Tips to avoid the student debt crisis

U-News Staff

Nearly 20 million Americans attend college each year, and 60 percent of students borrow money via student loans to cover the cost of education.  The average student who utilizes loans graduates with $33,000 of debt, and more than 40 million Americans currently have outstanding student loan debt.

This year, the Department of Education reported that about one in four borrowers is at least one month behind on their federal student-loan payments. The number of defaulters has increased by more than 500,000 in the past year, with the total number of student loans defaulted at about 7 million. That’s roughly two percent of the U.S. The total of outstanding student loans has risen to $1.1 trillion, compared to $300 billion from a decade ago, according to the Department of Education’s study.

Here are a few tips to get rid of student loan debt.

1. Know what you owe.

Be proactive and contact your lender or visit the Department of Education’s student loan site (www.nslds.ed.gov) to look up your federal loans. Many lenders will mail notification with required monthly payments once the loan is in repayment. When you have all of the information, make a list of your loans, including the lender’s name, balance, interest rates/costs and repayment status.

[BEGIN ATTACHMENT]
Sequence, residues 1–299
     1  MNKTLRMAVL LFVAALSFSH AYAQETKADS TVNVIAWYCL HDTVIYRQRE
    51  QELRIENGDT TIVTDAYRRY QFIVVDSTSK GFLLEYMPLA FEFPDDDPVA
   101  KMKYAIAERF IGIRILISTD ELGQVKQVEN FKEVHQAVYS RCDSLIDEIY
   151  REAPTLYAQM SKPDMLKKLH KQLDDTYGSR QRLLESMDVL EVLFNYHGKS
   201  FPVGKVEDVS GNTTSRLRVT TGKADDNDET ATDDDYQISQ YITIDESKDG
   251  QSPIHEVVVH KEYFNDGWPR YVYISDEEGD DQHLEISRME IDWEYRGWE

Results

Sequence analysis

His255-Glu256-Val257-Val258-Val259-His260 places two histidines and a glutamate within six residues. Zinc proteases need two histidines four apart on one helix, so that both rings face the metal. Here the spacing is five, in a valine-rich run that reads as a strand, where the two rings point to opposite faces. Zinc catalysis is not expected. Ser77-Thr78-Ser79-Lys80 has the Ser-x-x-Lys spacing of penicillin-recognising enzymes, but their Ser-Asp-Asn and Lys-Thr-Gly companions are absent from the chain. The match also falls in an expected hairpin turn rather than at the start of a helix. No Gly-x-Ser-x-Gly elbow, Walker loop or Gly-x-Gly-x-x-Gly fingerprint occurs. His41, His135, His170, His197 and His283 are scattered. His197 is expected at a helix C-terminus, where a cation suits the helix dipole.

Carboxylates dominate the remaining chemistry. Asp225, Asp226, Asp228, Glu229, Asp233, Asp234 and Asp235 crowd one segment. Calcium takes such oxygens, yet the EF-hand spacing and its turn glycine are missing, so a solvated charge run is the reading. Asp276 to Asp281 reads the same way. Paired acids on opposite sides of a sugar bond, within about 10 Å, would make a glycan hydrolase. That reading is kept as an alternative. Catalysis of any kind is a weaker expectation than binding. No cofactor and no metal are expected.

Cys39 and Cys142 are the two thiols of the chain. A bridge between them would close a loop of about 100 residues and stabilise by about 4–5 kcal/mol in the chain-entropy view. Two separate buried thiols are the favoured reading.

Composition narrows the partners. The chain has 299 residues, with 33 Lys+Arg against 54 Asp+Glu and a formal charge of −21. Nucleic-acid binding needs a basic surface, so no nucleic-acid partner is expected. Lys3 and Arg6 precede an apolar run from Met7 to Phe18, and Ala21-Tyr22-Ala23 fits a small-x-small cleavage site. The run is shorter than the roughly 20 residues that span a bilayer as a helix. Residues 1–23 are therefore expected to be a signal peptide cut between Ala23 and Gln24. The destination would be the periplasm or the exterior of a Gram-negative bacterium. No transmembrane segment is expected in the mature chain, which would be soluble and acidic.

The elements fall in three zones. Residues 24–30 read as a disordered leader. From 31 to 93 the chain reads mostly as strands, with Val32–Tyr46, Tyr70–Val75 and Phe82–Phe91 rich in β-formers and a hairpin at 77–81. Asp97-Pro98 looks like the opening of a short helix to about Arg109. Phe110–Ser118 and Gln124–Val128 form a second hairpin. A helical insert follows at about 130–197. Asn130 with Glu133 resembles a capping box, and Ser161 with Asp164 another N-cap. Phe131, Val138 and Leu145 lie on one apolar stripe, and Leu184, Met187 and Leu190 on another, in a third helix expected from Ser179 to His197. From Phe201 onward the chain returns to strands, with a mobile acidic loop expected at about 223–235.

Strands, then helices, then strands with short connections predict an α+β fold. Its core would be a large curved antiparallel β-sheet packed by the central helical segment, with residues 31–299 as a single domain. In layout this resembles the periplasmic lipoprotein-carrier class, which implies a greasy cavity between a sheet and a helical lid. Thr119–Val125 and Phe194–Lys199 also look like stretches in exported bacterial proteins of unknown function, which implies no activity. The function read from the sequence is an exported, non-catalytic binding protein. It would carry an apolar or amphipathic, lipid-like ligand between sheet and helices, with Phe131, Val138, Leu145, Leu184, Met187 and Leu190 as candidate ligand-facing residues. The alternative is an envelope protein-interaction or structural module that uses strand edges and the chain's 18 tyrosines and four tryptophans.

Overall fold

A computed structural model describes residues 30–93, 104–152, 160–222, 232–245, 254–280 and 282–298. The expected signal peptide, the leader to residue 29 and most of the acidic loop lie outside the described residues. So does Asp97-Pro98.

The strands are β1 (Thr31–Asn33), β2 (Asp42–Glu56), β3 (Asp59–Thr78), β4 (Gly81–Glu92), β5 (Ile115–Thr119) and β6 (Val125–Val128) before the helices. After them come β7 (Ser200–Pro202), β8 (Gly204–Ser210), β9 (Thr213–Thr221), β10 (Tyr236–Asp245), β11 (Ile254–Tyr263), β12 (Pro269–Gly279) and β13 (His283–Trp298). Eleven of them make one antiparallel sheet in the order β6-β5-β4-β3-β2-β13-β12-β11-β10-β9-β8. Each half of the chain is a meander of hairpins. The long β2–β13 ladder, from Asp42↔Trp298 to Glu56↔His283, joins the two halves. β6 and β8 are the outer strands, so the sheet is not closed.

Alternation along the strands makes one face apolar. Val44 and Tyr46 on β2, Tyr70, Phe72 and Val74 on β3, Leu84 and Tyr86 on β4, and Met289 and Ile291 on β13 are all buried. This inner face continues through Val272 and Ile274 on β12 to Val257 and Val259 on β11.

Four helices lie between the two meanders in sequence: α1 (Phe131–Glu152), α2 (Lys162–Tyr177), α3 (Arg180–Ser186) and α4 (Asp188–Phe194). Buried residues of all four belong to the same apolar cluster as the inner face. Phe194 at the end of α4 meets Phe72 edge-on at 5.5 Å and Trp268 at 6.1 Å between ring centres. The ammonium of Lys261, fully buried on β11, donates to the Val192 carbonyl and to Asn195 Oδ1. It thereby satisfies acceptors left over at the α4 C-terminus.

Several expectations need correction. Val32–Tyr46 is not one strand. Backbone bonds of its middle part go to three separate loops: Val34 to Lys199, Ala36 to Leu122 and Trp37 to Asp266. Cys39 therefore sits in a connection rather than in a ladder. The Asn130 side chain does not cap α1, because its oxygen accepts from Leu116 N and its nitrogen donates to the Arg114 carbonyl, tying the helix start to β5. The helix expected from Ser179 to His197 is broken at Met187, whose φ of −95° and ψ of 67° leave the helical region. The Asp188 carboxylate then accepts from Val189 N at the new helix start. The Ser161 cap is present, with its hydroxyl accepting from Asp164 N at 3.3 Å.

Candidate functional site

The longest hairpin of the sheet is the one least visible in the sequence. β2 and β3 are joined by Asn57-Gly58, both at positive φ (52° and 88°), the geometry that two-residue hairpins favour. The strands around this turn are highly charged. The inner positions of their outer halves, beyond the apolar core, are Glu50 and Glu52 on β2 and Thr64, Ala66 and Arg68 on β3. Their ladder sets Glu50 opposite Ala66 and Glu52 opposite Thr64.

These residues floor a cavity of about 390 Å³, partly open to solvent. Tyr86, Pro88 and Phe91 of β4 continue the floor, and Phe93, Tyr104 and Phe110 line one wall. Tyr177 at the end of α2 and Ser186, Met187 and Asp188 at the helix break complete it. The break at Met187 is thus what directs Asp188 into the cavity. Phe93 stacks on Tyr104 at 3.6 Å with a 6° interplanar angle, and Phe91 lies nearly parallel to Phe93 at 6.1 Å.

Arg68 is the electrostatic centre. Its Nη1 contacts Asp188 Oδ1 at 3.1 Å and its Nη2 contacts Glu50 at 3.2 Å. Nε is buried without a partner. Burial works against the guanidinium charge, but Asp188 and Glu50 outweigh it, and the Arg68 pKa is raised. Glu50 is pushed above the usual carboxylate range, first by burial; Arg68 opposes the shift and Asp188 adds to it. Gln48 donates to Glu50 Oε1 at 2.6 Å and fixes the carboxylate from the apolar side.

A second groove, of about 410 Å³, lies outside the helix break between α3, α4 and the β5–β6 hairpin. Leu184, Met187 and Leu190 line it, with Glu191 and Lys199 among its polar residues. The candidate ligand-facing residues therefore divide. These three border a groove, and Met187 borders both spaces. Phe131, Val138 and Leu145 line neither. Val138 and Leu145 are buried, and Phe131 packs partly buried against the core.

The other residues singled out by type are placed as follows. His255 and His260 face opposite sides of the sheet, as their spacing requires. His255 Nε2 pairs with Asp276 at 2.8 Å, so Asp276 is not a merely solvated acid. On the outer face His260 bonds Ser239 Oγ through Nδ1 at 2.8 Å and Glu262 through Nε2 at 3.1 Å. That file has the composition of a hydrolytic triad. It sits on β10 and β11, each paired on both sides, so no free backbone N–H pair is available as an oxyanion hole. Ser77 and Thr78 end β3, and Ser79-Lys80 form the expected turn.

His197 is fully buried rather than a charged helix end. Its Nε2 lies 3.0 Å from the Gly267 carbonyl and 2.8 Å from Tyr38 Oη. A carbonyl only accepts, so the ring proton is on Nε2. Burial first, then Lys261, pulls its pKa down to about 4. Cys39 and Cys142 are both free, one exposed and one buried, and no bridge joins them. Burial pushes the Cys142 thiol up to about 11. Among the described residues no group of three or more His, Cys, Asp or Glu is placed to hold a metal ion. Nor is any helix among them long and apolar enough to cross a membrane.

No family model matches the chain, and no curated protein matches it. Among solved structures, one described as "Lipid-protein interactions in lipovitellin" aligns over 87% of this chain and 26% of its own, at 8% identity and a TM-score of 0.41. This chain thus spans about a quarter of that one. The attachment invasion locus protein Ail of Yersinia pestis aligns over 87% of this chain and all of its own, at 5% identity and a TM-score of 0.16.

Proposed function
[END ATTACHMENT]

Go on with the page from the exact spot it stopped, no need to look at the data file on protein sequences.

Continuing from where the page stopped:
2. Choose a repayment plan.

Federal student loan programs automatically enroll all borrowers in a standard 10 year repayment plan, with the first payments due six months after graduation. The government offers other repayment options that may result in lower payments now, or allow delaying repayment. Visit UMKC’s Financial Aid and Scholarships website (www.sfa.umkc.edu) to review these repayment options. Take some time to carefully consider what each repayment plan means. Take into account the length of repayment and how to accelerate your repayment as you continue to increase earnings. Once you’ve determined which repayment plan works best for the present (and future) circumstances, create your own repayment planto help you keep track of your payments and to ensure efficiency. Decide on your timeline and how much you can sensibly repay .

3. Put payments on automatic. 

If you sign up for automatic debit, most lenders cut rates or offer other bonuses to automatically deduct your student loan payment from your bank account each month. This is also a foolproof way to ensure your payment every month.

4. Pay more than the minimum amount.

If you make the suggested payments, you will prolong repayment. Minimum payments are often a representation of the interest accumulated over the previous month. Paying a little extra per month can reduce the interest and total cost over time. To ensure loans are paid off more quickly, tell your lender the extra amount you’re paying is not to be put toward future payments. Ultimately, you want to make sure that you’re paying off your higher interest rates first while paying minimums on the rest, and that payments are being applied to the principal balance.